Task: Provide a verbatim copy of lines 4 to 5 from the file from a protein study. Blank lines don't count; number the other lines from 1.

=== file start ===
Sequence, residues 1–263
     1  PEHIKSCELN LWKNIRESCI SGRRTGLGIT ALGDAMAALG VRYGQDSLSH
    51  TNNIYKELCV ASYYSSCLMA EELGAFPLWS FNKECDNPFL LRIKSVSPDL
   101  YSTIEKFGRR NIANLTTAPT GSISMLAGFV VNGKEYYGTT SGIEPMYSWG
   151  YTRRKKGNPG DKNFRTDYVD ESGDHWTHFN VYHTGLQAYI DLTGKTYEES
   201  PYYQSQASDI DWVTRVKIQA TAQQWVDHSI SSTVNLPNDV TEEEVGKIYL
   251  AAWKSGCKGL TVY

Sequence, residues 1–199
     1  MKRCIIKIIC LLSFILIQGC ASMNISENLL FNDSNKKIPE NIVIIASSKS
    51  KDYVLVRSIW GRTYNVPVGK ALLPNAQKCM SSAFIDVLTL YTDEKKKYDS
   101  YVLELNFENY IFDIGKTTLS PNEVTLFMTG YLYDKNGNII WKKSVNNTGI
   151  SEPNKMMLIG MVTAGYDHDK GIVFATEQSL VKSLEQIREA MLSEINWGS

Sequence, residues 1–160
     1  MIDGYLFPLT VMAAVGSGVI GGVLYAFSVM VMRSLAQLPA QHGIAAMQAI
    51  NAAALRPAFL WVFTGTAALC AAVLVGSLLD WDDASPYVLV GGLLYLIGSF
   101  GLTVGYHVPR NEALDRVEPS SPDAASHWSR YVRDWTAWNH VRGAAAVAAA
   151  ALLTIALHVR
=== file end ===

   101  YSTIEKFGRR NIANLTTAPT GSISMLAGFV VNGKEYYGTT SGIEPMYSWG
   151  YTRRKKGNPG DKNFRTDYVD ESGDHWTHFN VYHTGLQAYI DLTGKTYEES